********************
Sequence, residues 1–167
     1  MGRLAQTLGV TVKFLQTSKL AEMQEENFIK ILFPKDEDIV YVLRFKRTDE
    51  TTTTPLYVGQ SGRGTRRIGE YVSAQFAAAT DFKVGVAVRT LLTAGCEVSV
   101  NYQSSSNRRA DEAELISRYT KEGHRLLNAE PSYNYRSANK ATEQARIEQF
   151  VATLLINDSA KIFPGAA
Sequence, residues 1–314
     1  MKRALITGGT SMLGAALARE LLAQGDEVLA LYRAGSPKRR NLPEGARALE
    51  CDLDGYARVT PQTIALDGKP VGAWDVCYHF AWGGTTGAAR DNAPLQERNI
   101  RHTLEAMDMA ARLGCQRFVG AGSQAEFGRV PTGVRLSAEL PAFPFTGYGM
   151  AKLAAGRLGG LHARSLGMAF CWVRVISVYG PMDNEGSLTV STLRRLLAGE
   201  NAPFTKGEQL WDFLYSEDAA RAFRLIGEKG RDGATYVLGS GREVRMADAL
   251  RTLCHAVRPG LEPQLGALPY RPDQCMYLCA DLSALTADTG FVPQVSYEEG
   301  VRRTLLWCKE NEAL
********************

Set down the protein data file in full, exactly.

Sequence, residues 1–167
     1  MGRLAQTLGV TVKFLQTSKL AEMQEENFIK ILFPKDEDIV YVLRFKRTDE
    51  TTTTPLYVGQ SGRGTRRIGE YVSAQFAAAT DFKVGVAVRT LLTAGCEVSV
   101  NYQSSSNRRA DEAELISRYT KEGHRLLNAE PSYNYRSANK ATEQARIEQF
   151  VATLLINDSA KIFPGAA
Sequence, residues 1–314
     1  MKRALITGGT SMLGAALARE LLAQGDEVLA LYRAGSPKRR NLPEGARALE
    51  CDLDGYARVT PQTIALDGKP VGAWDVCYHF AWGGTTGAAR DNAPLQERNI
   101  RHTLEAMDMA ARLGCQRFVG AGSQAEFGRV PTGVRLSAEL PAFPFTGYGM
   151  AKLAAGRLGG LHARSLGMAF CWVRVISVYG PMDNEGSLTV STLRRLLAGE
   201  NAPFTKGEQL WDFLYSEDAA RAFRLIGEKG RDGATYVLGS GREVRMADAL
   251  RTLCHAVRPG LEPQLGALPY RPDQCMYLCA DLSALTADTG FVPQVSYEEG
   301  VRRTLLWCKE NEAL